Nurturing a new life is hard work, and although your baby isn’t always going to be dependent, the challenges change and take new form. It’s important to keep a clear mind and analyze the situation and find your solution. Baby fell and scraped his knee, that’s fine, let’s go clean it up and get a cool band aid on it. Baby is teething and has turned into a monster, ok let’s cuddle and put this oragel on your gums. Got poop on your shirt, change it. Got pee in the mouth, don’t worry it’s sterile. What I mean is, there’s no use in worrying about what has already happened, just find your solution, there’s bound to be one!

New mothers and fathers, I was in your shoes just over a year ago. I’m familiar with the overwhelming feeling you get just before baby shows up. You know when you start to realize just what it is exactly that you got yourself into. Raising a human being, in charge of a life, teaching…the job duties go on and on. Take it easy and a day at a time. You don’t have to have it all figured out right away, just do your best in the moment.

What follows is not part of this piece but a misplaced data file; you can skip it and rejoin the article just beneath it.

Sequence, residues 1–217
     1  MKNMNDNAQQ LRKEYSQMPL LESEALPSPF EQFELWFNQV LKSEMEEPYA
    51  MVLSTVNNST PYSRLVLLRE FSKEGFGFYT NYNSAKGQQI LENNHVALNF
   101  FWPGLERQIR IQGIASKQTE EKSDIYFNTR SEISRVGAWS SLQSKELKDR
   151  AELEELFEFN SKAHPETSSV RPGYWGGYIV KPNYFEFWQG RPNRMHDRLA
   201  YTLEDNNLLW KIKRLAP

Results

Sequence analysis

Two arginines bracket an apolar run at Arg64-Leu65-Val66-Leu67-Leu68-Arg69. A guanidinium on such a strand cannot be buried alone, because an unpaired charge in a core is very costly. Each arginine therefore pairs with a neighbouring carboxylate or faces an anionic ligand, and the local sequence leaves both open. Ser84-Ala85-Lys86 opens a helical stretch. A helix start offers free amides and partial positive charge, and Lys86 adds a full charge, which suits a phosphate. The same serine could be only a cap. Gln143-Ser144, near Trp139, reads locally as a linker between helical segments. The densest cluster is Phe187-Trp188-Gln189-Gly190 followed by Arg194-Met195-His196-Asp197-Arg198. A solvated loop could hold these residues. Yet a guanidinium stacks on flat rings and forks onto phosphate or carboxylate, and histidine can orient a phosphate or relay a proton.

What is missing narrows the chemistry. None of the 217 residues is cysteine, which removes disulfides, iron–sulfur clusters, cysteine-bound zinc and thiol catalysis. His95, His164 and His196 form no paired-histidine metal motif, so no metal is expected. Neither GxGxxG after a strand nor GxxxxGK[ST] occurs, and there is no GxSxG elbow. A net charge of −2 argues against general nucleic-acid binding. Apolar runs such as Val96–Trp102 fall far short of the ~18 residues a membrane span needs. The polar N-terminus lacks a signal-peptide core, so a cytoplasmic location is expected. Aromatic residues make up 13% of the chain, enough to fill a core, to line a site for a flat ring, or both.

Getting poop on my shirt and not batting an eye shows me my perspective has changed. 10 years ago I probably would have squealed “Ewwwwww!” and ran for my life. But you know, when you’re a mother, you get drooled on, cried on, peed on, pooped on, bled on, pretty much every bodily fluid will spend some time on you. That’s life. It’s the role I chose and I love every stinkin’ minute of it.